A child may appear to have strabismus, or crossed eyes, when in fact
the eyes are properly aligned. This is called pseudoesotropia (sometimes also called pseudostrabismus).
Typically, a child with pseudoesotropia has a wide, flat bridge of
the nose and a large fold of skin near the upper inside corner of the eye that
hides part of the white of the eye. Although the eye is aligned with the other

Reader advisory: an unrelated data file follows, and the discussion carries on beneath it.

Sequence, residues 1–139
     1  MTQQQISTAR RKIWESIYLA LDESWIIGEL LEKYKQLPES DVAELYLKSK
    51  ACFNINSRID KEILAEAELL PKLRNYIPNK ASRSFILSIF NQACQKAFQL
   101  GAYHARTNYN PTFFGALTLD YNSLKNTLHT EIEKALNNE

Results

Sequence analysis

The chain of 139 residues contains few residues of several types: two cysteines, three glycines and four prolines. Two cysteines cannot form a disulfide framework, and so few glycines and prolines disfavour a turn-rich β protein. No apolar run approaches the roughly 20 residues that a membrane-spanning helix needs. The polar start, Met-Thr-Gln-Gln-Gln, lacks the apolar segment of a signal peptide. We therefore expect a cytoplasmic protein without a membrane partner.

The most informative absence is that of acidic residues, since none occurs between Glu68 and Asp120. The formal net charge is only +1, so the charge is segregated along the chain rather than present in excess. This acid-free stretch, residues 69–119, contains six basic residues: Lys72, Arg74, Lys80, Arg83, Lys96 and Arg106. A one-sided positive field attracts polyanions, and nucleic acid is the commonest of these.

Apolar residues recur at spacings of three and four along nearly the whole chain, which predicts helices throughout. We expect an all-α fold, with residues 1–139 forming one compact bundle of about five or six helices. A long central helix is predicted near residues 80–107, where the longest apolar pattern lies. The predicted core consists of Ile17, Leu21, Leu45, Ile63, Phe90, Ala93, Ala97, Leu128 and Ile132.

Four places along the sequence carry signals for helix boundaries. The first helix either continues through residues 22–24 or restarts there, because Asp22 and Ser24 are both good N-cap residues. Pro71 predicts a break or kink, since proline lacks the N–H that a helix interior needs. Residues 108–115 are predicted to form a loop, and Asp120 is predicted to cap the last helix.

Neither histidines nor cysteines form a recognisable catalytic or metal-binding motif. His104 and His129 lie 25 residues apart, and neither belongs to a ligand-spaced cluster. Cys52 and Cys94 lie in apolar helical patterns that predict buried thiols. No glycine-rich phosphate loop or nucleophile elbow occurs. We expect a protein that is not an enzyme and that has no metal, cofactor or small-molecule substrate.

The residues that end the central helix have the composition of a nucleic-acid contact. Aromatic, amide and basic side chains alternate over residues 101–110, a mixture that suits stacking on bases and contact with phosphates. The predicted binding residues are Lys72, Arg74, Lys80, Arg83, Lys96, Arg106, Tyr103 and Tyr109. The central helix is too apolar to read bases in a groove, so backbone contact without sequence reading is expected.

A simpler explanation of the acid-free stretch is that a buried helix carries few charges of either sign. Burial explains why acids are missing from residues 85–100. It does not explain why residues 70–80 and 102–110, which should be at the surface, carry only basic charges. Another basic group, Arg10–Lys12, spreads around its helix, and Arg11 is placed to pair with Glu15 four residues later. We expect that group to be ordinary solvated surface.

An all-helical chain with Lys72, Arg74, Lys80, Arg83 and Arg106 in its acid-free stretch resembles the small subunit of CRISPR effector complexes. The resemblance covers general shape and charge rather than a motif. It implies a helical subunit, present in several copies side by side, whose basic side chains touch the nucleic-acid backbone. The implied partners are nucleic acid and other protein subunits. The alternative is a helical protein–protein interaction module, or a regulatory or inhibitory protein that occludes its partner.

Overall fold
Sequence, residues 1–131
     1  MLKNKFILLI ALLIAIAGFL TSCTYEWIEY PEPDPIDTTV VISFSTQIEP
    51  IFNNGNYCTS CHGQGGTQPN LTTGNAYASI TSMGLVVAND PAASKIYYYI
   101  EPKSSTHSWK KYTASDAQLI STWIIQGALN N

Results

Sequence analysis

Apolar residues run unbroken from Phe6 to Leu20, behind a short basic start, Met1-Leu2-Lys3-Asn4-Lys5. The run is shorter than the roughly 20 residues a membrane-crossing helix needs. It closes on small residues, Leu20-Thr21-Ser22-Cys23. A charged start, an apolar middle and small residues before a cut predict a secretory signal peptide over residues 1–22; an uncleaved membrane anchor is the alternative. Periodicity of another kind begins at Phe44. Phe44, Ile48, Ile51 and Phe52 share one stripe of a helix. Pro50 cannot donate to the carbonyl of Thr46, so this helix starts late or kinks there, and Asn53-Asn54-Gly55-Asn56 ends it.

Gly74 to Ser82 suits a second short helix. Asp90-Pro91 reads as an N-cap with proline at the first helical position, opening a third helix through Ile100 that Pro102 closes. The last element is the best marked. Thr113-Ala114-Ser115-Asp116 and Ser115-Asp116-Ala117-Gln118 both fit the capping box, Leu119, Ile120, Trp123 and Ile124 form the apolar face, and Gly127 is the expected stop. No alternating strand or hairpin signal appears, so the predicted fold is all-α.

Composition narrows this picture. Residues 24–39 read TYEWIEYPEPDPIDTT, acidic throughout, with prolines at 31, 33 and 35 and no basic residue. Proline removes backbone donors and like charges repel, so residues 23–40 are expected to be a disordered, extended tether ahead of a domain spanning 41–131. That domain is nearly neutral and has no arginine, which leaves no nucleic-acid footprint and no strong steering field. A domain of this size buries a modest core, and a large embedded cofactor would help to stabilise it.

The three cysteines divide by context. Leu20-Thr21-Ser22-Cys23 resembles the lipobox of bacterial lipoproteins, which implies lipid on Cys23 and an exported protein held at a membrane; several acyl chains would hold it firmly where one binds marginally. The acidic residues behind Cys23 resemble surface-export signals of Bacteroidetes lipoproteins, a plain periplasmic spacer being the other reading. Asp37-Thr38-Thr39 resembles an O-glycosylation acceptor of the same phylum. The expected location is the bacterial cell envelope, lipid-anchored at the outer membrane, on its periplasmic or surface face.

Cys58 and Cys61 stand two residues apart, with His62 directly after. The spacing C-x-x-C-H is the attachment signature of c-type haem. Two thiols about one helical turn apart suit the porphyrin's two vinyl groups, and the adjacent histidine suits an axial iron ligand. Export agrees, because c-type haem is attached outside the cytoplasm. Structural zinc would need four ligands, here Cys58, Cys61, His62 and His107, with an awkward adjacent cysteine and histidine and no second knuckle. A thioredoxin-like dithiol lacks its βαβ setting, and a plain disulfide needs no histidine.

eye, the fold of skin makes the eye look as if it is turning inward.
An eye exam by a doctor will show that the child's eyes are looking
at the same point at the same time. Pseudoesotropia does not need treatment and
the appearance of crossed eyes will usually go away as the child grows older.
March 14, 2011
Anne C. Poinier, MD - Internal Medicine & Christopher J. Rudnisky, MD, MPH, FRCSC - Ophthalmology
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